A 16-year extended sentence for the rape of an ex-partner was neither manifestly excessive nor wrong in principle where the judge had been entitled to conclude that the offender was dangerous and a post-sentence report documented no change in mentality. There could also be no proper complaint about a concurrent 12-year sentence imposed for a second count of rape against the same victim.
A sentence of 30 months’ imprisonment following a guilty plea to an offence of domestic burglary was appropriate in the case of an offender who had previous conviction and had commited the offence whilst on licence but where there was an absence of factors of higher culpability.
Given the aggravating factors involved in the sexual assault and subsequent rape of the same victim, a judge had been entitled to set the minimum term of a life sentence at over twice the upper limit of the respective sentencing guideline range. However, the sentence was too high and was reduced from nine-and-a-half to eight-and-a-half years.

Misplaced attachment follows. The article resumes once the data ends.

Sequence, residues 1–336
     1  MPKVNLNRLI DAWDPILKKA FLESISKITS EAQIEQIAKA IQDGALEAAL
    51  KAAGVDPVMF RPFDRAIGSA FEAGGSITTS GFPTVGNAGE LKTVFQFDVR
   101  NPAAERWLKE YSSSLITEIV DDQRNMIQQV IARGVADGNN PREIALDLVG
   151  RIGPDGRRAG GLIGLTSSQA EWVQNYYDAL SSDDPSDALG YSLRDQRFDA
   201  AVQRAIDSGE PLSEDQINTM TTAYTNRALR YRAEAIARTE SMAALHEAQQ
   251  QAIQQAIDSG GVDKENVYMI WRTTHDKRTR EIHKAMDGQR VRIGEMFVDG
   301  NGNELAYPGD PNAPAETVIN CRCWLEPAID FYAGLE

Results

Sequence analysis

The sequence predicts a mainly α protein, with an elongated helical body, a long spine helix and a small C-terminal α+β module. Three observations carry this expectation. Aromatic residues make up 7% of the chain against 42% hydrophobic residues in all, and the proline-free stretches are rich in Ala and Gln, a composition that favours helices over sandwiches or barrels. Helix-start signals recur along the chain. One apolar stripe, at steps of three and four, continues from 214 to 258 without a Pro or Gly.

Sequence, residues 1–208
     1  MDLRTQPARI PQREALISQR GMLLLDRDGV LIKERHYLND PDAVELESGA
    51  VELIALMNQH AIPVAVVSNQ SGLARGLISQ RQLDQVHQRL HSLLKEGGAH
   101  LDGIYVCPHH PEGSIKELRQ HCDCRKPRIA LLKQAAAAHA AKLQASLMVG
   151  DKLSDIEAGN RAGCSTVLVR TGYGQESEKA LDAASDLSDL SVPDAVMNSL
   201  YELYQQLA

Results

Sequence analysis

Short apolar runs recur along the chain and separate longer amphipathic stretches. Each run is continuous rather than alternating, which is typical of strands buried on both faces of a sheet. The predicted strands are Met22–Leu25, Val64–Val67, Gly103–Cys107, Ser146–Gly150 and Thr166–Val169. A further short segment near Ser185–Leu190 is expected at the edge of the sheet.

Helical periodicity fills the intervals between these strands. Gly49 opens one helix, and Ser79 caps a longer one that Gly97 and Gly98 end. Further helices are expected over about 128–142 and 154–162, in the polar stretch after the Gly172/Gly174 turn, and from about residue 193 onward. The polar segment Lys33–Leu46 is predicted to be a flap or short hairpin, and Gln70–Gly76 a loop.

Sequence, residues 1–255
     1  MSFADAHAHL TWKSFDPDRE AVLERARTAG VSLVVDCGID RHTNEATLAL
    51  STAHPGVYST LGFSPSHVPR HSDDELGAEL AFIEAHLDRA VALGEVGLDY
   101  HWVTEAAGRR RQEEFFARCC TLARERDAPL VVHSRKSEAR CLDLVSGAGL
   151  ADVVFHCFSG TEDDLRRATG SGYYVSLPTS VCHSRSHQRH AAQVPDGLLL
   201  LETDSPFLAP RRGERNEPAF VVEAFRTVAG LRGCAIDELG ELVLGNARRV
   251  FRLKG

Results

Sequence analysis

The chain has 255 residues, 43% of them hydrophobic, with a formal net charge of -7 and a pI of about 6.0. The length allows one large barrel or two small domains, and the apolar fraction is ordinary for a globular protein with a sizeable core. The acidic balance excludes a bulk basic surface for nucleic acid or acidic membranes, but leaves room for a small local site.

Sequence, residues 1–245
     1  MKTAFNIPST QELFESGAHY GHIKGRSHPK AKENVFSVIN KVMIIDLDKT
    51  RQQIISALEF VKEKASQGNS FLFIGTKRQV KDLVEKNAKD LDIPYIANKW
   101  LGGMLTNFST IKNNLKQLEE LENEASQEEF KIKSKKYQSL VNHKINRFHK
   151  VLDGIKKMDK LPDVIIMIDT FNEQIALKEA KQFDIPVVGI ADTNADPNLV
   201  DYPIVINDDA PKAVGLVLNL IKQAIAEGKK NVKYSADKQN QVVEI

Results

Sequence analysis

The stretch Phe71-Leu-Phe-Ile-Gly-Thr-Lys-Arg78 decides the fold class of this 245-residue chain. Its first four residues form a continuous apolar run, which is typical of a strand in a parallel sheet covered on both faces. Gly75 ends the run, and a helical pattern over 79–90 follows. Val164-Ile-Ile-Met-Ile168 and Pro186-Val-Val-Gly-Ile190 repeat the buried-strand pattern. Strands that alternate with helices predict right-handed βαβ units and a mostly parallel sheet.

The court reduced, from 11 years to 10 years’ imprisonment, the sentences imposed on the parents of a 17-week-old child following their convictions for causing or allowing her death. Although there were numerous aggravating features, including an attempt to cover up the circumstances of her death, insufficient weight had been given to the finding that the parents had had constructive, rather than actual, knowledge of the significant risk of serious harm to their child.
When sentencing an offender for burglary, the recorder had been entitled to take into account the offender’s intention to commit grievous bodily harm by breaking into his former girlfriend’s home and attacking her new boyfriend. The fact that the offender was charged under the Theft Act 1968 s.9(1)(b), and was not charged with grievous bodily harm or with an offence under s.9(1)(a), did not preclude the recorder from taking the full facts into account.